LIFESTYLE

Graphic Diabetes Campaign Reveals The Horrible Effect Too Much Sugar Can Have On The Body

There's no sugar-coating this...

30/03/2016 10:51

A designer has shown what a diet high in sugar can do to the body by creating a series of graphic images showing gaping, non-healing wounds caused by diabetes.

The images, which were created by designer Nattakong Jaengsem for The Diabetes Association of Thailand, show the long-term complications of diabetes which one health expert has described as "irreversible".

At a first glance, the photographs show gruesome gaping wounds on arms and legs. But under closer inspection, you see that the wounds have been cleverly created using sweet treats such as cake, ice cream and jelly sweets.

The aim of the campaign is to warn people of the dangers of consuming a diet high in sugar. 

Nattakong Jaengsem
Nattakong Jaengsem

Diabetes is the most common cause of visual impairment and blindness among people of working age, and the most common cause of kidney failure and non-traumatic lower limb amputations.

People with diabetes are up to five times more likely to have heart disease and stroke, compared to those without diabetes, according to NHS Choices.

Discussing the campaign, Dr Helen Webberley, the dedicated GP for Oxford Online Pharmacy, told The Huffington Post UK: "This campaign reminds me of the grotesque photos of lung cancers which can be found on cigarette packets. They are certainly shocking, but the question is: do they actually work?

"If this increases people's awareness that our sugar-rich modern diet does insidiously harm our health, and lead to long-term complications that are irreversible, then I am all for it.

"I actually like the way in which sweets have been used to depict the wounds that they can cause. All too often, I think we are too scared to offend in this country but sometimes it takes hard hitting truth to drive the message home."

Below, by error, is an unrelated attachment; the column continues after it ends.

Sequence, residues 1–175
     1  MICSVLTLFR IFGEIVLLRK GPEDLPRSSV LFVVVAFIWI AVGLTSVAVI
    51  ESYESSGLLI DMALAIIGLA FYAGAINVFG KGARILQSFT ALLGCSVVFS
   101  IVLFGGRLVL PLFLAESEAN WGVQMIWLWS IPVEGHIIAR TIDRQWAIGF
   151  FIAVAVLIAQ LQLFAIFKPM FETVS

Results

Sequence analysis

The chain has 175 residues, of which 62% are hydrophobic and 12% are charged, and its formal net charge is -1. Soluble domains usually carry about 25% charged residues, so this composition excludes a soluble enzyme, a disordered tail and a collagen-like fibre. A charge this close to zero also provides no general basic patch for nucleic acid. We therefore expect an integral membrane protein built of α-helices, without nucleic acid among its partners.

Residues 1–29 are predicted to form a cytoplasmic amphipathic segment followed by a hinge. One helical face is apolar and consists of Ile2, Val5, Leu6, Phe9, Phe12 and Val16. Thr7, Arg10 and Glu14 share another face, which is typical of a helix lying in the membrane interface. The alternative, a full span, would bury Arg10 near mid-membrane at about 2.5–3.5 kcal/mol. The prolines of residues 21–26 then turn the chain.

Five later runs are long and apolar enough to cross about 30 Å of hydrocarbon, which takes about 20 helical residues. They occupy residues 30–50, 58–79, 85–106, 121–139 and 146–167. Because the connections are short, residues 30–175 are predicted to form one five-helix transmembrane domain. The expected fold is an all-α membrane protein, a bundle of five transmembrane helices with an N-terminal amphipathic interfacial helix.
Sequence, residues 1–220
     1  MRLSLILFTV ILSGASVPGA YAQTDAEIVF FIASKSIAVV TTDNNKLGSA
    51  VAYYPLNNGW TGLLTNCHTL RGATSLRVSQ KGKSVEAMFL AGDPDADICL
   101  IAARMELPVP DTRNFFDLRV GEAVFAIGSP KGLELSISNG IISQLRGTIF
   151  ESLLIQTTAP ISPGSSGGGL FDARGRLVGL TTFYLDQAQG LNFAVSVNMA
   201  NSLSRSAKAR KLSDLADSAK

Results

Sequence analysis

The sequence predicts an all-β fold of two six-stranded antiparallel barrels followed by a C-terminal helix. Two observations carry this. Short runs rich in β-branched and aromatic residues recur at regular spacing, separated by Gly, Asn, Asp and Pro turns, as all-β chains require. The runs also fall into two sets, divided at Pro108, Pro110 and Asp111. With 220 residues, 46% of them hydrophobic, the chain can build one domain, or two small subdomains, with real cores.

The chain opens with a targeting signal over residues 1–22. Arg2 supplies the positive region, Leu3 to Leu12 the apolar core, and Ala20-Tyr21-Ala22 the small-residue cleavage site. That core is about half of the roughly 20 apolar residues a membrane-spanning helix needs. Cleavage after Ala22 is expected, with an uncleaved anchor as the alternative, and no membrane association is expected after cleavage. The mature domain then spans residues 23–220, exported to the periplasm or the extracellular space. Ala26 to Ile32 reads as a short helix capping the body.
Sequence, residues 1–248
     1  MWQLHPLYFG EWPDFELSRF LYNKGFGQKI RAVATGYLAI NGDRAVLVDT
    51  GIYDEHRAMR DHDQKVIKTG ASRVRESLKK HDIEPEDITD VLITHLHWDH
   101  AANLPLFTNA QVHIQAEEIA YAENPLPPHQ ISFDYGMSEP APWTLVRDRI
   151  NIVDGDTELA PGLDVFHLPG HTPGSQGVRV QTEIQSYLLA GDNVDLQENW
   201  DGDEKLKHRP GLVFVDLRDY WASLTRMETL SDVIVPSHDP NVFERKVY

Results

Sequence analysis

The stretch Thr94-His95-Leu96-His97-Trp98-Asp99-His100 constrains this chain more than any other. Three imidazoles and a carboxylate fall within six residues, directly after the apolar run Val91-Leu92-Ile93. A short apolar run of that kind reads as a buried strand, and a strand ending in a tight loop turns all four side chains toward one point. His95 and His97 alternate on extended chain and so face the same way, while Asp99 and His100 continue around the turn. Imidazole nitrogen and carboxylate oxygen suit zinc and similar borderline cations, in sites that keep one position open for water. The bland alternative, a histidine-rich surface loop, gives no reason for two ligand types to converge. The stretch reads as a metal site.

Nattakong Jaengsem
Nattakong Jaengsem
Nattakong Jaengsem
Nattakong Jaengsem

Diabetes is the most common cause of visual impairment and blindness among people of working age, and the most common cause of kidney failure and non-traumatic lower limb amputations.

In England alone, there are currently more than 135 diabetes-related leg, foot or toe amputations every week.

People with diabetes are also up to five times more likely to have heart disease and stroke, compared to those without diabetes, according to NHS Choices.

Nikki Joule, policy manager for Diabetes UK, said: "The vast majority of these amputations could be prevented through better healthcare and improved management of the condition."

In an attempt to cut the number of "unnecessary" amputations in people with diabetes, the charity has launched a Putting Feet First campaign which advises people with diabetes on how to conduct proper foot checks.

SEE ALSO:

This Is What Happens To Your Body When You Eat Sugar

Nutritionists Say Sugar Tax Isn't Enough To Tackle Childhood Obesity

Your Favourite Hot Drink Probably Contains More Sugar Than A Can Of Coke

Diabetes Facts

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